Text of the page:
by Prapti Giri (2015)

To cite this article, see Credits

Selected Works

Granek, L, Bartels U., Scheinemann K., Labrecque M., Barrera M. (2015). Grief reactions and impact of patient death on pediatric oncologists. Pediatric Blood & Cancer, 62(1), 134-142.

Granek, L. (2014). The heritability of cancer. Journal of Clinical Oncology, 20, 2270-2271.

Granek, L. (2014). Mourning sickness: The politicizations of grief. Review of General Psychology, 18(2), 61-68.

Granek, L., Barrera, M., Shaheed, J., Nicholas, D., Beaune, L., D’Agostino, N.M., Bouffet, E., Antle, B. (2013).Trajectory of parental hope when a child has difficult to treat cancer: A prospective qualitative study. Psycho-Oncology, 22(11), 2436-44.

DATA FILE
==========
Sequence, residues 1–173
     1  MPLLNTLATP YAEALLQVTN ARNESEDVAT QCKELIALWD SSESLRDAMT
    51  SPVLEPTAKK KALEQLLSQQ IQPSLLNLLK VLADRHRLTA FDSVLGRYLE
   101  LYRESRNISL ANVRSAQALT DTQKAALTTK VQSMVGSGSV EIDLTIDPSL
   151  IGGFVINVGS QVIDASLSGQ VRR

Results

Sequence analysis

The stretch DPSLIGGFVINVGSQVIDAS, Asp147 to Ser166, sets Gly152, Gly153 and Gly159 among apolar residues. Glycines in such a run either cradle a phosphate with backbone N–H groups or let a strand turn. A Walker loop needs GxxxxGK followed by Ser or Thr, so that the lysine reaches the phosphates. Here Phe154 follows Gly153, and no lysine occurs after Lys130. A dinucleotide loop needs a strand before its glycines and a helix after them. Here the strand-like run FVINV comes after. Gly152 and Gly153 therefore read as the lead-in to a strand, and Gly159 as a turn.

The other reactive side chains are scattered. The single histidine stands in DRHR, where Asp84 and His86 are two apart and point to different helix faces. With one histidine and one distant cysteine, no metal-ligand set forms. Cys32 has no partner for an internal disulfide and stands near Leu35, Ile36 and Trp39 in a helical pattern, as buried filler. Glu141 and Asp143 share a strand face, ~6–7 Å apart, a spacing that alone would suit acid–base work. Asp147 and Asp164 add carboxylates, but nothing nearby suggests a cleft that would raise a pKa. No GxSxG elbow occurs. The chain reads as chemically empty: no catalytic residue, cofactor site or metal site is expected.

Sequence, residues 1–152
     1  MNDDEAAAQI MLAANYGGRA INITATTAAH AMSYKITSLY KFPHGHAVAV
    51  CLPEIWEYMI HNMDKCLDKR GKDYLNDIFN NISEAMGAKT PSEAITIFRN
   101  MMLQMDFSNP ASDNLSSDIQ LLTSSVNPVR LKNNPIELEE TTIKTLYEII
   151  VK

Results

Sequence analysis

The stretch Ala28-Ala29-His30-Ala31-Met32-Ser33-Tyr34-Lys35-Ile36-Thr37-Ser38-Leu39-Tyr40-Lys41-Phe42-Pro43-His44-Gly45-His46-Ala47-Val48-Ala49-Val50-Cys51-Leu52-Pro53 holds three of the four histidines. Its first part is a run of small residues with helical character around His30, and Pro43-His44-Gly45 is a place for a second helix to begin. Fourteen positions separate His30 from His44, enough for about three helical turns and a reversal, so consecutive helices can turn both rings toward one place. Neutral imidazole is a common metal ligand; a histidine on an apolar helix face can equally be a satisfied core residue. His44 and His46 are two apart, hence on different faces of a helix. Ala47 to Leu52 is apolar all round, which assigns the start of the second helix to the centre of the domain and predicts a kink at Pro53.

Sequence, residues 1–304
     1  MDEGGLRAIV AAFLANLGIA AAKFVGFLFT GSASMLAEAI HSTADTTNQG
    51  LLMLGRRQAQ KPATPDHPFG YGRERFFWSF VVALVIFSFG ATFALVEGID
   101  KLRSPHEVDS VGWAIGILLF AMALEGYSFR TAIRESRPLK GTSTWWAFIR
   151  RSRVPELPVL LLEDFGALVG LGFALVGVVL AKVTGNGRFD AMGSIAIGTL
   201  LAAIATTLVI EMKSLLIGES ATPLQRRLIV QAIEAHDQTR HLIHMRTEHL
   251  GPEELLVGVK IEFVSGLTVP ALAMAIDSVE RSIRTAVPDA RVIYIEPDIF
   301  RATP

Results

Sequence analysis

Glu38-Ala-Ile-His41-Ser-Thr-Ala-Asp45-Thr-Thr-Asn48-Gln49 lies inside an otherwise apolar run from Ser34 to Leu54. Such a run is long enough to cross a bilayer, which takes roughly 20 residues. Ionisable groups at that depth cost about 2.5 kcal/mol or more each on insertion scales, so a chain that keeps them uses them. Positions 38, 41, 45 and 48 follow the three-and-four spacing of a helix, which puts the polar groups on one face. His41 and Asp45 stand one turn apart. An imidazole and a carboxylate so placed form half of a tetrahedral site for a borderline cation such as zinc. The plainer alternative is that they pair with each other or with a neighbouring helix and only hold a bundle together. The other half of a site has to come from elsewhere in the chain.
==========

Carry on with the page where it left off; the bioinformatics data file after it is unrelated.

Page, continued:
Granek, L. (2013). Disciplinary wounds: Has grief become the identified patient for a fieldgone awry? Journal of Loss & Trauma, 18, 3.

Granek, L., Tozer, R., Mazzotta, P., Ramjaum, A. & Krzyzanowska, M. (2012). Nature and impact of grief over patient loss on oncologists’ personal and professional Lives. JAMA Internal Medicine, ,172(12), 964-966.

Granek, L. & Fergus, K. (2012). Resistance, agency, and liminality in women’s accounts of help seeking upon discovery of an abnormal breast symptom. Social Science & Medicine, 75, 1753-1761.

Granek, L. (2010).Grief as pathology: The evolution of grief theory in psychology from Freud to the present. History of Psychology, 13, 46-73.